At UDA, we design with the awe-inspiring environment as a focal point. So we use glass as whole walls under deep overhangs to be protected from the sun. Homeowners get the view and climate control all in one. Smart glass technology also comes in handy in situations when a resident needs privacy part of the time, such as in a bedroom looking out over the desert or a room that opens into a courtyard. Homeowners can tint the windows when they prefer to have a little seclusion.

Prioritizing Healthy Air

The pandemic and climate change have homeowners thinking about air quality in a new way. Designers should prioritize the health and wellness of the homeowners by finding ways to optimize airflow and include air purifiers throughout the home. 

Upgrading from a traditional flat filter to an electronic filter can trap more problematic particles, like smoke, that tend to be too small for standard filters. It’s also important to think about airflow and proper ventilation in the home to cut down on excess moisture from bathrooms and spas.

Another way to help with air quality is to have space for houseplants. All plants help filter the air, but plants with large flat leaves like rubber plants and peace lilies work best. Design nooks and ledges with various levels of direct and ambient sunlight to keep a variety of plants happy and healthy.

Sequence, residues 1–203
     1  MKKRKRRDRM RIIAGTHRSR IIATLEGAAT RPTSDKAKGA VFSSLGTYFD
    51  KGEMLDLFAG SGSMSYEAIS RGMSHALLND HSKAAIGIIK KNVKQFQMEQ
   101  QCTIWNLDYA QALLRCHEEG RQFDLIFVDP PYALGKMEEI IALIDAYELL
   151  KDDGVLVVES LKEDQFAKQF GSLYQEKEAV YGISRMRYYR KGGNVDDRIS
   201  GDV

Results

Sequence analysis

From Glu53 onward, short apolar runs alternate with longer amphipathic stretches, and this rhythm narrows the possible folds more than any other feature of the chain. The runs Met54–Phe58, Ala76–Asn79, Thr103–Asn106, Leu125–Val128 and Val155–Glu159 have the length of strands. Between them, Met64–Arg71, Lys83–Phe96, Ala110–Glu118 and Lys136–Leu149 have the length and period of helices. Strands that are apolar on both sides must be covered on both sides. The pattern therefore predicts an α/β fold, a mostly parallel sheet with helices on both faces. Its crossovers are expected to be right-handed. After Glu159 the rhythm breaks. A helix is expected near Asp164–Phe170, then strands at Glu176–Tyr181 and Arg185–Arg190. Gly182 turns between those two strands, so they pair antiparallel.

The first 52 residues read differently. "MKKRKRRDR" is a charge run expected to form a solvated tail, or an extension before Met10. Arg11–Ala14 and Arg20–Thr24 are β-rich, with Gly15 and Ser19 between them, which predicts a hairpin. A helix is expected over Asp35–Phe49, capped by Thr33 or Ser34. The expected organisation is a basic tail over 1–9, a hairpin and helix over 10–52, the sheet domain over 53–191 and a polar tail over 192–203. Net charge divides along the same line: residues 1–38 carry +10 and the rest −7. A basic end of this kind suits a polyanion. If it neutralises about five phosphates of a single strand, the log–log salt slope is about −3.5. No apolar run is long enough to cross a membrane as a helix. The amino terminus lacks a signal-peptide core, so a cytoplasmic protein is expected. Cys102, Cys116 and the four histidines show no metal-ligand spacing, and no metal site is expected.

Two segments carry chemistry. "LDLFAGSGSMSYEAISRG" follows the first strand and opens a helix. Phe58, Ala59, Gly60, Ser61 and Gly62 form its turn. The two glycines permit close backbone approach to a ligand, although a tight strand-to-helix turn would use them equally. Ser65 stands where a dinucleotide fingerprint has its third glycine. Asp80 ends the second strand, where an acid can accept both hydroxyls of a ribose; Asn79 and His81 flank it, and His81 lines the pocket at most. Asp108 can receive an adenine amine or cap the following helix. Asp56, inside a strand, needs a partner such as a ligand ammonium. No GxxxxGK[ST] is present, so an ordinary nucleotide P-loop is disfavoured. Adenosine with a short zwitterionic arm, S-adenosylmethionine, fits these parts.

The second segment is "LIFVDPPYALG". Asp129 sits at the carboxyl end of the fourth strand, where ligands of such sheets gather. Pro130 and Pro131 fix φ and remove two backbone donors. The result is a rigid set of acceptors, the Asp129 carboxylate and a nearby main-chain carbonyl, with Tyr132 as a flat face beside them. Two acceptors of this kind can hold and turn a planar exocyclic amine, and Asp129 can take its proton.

Landscaping With The Natural Environment

Creating happy and healthy plants outside can be difficult in the desert climate. That’s why we’re excited about xeriscaping. Xeriscaping takes advantage of the Southwest’s natural beauty to create outdoor escapes that require little to no watering.

This type of landscaping uses rocks, mulch, and drought-tolerant native plants to eliminate the need for irrigation and cut down on water usage while still creating a striking outdoor environment. Cactus are often associated with this type of landscaping, but agave, juniper, and lavender are common as are herbs such as thyme, sage, and oregano.

While xeriscaping requires less water than traditional lawns, all plants need some moisture. Use efficient irrigation such as drip hoses that work close to the base of the plants to keep evaporation to a minimum. Also, group plants with a similar water need together for efficient maintenance. 

Blurring the Lines Between Inside and Outside

People often move to the Southwest to take advantage of the climate, and many homeowners want to spend as much time in their outdoor spaces as they do inside the house. One of the current trends in architecture we’re keeping an eye on is the seamless movement from indoors to outside.